After a brief but thorough overview, Lambert delves into the idea of ‘trust-fund’ vs. worker rats, a consistent thread throughout the book. Trust-fund rats, as you may imagine, earned their name by being simply handed treats (Froot Loops), while worker rats had to dig and search to find their treats. The worker rats seemed to have “more clearly defined associations between their efforts and obtained rewards in life and had a perception of being better able to successfully complete the task — something psychologists typically refer to as self-efficacy.” The worker rats spent 60 percent more time on impossible tasks than the trust-fund rats.
As an example of how quickly Lambert rolls into the implications for humans, she then explains how this idea led her to think about emotional resilience in humans. Thinking that “ if effort-driven reward therapy enhances resilience in rats,” it could do the same for humans “without the use of psychoactive drugs such as anti-depressants?” Work, therefore, may lead to healthier brains and resilience to stress.
She does this in each chapter, mixing a careful combination of story, facts, and connections between humans and rats. For example, she looks to the rat for answers in the health care system (are we too dependent and unable to look out for our own well-being?), as well as to the benefits of grooming (it can help heal and shows that an animal is in good health which, to Lambert, is a small sign of why we detest bad hair days).
Lambert even goes on to look at how rats respond to sex, finding in her studies that sex is shown to “build more complex brains.” She also examines how female rats choose mates in order to diversify their gene pool and give their offspring a better chance of fighting disease (yes, she even writes a potential rat singles ad). She then discusses the after-effects of sex: parenting. Again, the rats in the study can be quickly aligned with human counterparts. She focuses particularly on single rat moms that live below poverty level: the rats groom themselves less, have increased stress, and the children are compromised in development.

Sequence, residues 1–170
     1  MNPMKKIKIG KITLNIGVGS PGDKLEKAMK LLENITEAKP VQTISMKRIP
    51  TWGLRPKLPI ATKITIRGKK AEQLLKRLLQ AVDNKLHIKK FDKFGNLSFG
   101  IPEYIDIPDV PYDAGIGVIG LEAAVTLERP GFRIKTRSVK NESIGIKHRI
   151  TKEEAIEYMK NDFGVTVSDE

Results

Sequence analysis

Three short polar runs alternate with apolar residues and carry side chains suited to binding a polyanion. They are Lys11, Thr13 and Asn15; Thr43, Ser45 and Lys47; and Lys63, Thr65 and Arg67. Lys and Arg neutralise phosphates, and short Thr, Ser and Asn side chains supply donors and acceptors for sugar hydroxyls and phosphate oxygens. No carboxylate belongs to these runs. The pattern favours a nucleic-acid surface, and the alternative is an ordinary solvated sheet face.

Personally, I’m a believer. Rats are survivors, as Lambert consistently points out, and “can respond to changes in the environment faster than other mammals.” With the constant mounting stress in the world and our daily lives, I’m happy to embrace anything that might reduce that pressure. Also, there has to be a reason why 85 percent of testing is done on rats and mice — they can’t be that different than us!
I enjoyed all the research Lambert collected and analyzed, but also that it is said in plain language, so it made for a fun read. Like psychology itself, this book is a wonderful combination of science and human understanding.
The Lab Rat Chronicles: A Neuroscientist Reveals Life Lessons from the Planet’s Most Successful Mammals
By Kelly Lambert, PhD
Perigee Trade: June 7, 2011
Paperback, 320 pages
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Tomasulo, D. (2011). The Lab Rat Chronicles: A Neuroscientist Reveals Life Lessons from the Planet’s Most Successful Mammals. Psych Central. Retrieved on March 7, 2015, from http://psychcentral.com/lib/the-lab-rat-chronicles-a-neuroscientist-reveals-life-lessons-from-the-planets-most-successful-mammals/0009167
Last reviewed: By John M. Grohol, Psy.D. on 30 Jan 2013